Templating and navigation automation would have helped the Buysell team somewhat, but their bigger problem was communication and workflow. Content had to pass back and forth quite a bit for development, review, and editing. If the team could get the content on the web quickly and edit online, then the next logical step is to use the network to collaborate. The SME could use his limited time to review the content on-screen and provide timely feedback. Automated alerts could have told the CKO (and the rest of the team) whenever there was a new content draft to be reviewed.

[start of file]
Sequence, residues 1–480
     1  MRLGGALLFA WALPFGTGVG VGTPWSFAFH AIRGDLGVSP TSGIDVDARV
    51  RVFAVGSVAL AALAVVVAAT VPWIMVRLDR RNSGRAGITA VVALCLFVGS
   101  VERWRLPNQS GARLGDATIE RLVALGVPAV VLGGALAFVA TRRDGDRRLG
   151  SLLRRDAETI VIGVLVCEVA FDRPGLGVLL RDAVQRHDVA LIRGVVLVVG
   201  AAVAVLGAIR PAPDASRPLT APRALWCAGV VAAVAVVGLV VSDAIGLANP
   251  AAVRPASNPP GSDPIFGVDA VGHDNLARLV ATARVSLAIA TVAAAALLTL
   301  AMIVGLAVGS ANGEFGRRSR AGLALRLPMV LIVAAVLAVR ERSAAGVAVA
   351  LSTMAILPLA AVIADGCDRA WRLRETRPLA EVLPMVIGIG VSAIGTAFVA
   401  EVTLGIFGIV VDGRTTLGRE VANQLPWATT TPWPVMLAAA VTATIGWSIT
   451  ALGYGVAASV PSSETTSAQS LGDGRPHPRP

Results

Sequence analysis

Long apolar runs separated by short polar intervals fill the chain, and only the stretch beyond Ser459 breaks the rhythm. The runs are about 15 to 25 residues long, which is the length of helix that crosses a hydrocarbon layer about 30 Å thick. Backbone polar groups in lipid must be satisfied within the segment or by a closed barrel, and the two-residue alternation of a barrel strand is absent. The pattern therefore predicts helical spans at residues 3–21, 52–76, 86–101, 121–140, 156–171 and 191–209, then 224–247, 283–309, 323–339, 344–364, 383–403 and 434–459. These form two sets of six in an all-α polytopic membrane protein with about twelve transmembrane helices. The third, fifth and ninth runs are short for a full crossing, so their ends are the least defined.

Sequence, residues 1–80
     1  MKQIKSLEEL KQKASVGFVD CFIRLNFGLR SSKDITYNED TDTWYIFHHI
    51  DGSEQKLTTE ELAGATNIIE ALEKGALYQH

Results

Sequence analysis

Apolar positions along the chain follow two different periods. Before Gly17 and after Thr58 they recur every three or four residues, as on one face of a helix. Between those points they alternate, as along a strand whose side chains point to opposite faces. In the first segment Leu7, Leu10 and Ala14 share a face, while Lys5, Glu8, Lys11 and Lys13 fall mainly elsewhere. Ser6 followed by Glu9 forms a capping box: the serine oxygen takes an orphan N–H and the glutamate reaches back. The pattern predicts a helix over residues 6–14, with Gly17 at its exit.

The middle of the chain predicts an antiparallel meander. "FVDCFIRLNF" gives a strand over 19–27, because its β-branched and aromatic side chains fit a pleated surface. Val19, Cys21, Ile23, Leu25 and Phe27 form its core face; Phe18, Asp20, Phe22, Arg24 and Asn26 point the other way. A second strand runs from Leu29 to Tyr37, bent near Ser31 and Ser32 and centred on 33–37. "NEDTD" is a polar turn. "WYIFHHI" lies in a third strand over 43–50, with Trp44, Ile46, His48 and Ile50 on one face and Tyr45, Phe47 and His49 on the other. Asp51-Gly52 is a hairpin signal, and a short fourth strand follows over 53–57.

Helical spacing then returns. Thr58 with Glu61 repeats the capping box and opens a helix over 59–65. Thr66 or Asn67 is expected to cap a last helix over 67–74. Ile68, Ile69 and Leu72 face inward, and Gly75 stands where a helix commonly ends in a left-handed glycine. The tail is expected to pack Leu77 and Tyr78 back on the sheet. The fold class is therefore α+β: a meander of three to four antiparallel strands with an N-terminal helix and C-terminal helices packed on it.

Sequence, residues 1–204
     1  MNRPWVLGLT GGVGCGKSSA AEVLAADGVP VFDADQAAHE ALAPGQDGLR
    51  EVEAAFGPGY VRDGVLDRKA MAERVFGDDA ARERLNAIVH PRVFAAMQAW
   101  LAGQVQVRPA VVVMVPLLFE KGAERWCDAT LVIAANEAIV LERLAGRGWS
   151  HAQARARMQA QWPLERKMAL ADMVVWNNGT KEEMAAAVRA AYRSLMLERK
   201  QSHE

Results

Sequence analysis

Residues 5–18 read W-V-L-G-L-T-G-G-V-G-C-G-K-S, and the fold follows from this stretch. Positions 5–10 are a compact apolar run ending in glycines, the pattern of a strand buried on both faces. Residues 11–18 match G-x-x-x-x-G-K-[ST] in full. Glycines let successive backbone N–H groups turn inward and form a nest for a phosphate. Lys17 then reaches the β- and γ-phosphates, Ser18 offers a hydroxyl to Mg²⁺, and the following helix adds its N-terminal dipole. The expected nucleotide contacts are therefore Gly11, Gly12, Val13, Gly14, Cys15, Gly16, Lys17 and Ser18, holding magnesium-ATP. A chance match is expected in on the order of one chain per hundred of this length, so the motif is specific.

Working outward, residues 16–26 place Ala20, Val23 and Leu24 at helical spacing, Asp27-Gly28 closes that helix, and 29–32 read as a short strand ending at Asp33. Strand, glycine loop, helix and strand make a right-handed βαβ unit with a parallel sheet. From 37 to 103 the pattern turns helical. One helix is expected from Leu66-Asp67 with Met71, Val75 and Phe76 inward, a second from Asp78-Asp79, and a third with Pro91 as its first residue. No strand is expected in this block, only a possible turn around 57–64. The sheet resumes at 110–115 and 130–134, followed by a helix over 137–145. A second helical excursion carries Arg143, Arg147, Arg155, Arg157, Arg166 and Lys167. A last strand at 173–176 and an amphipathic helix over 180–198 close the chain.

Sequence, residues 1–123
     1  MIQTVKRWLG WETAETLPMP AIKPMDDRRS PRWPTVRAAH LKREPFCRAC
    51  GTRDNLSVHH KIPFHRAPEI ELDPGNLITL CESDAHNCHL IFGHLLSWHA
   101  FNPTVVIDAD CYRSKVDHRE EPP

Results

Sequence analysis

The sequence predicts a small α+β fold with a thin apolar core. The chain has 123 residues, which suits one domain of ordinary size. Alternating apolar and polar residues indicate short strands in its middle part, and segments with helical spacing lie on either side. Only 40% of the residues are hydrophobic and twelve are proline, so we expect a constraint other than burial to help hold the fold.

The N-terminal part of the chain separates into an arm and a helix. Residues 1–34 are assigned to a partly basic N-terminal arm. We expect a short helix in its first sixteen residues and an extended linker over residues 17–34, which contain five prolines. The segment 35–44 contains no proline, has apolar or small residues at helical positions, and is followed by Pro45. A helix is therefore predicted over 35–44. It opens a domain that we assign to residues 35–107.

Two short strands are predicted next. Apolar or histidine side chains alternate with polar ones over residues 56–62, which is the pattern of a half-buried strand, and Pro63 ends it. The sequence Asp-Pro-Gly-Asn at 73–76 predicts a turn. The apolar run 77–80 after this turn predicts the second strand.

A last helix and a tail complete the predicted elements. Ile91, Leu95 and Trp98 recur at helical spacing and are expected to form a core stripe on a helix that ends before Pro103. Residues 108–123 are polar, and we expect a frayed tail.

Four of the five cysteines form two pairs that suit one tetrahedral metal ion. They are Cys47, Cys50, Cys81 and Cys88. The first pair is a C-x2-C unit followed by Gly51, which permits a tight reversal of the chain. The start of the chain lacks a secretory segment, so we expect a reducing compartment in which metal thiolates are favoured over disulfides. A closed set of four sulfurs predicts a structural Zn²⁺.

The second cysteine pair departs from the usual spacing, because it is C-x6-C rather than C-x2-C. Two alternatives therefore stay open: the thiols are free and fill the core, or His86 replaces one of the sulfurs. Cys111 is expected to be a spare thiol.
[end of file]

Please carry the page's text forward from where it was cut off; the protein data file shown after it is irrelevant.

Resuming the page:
There are at least three main elements to a decent workflow system—versions, tasks, and roles. Of these, the first is the most straightforward. You want to make sure that everybody is looking at the latest version of the content. With multiple task members working in parallel, it's easy to lose a change here or there, or to have some changes in one copy of the course and other changes in another copy. A decent LCMS makes sure that everybody is looking at the latest version with all the latest changes. It also stores the older versions. Sometimes you may decide that a recent update was a mistake and would like to be able to roll back to an earlier version. In other case, you may want to be able to have an audit trail that enables you to say exactly when the content was changed. (This can be particularly important with training on laws or regulations, where the organization has a legal responsibility to show that their employees were adequately trained according to the most current guidelines.) An LCMS should manage versioning for you. You'll want to think through just what your versioning needs might be. How important is that audit trail? How often will you be likely to roll the content back to a previous version? What kind of notes do you need your design team to enter regarding changes in each version? Write out some likely scenarios (which programmers call "use cases") and try them out with the prospective LCMS you are considering.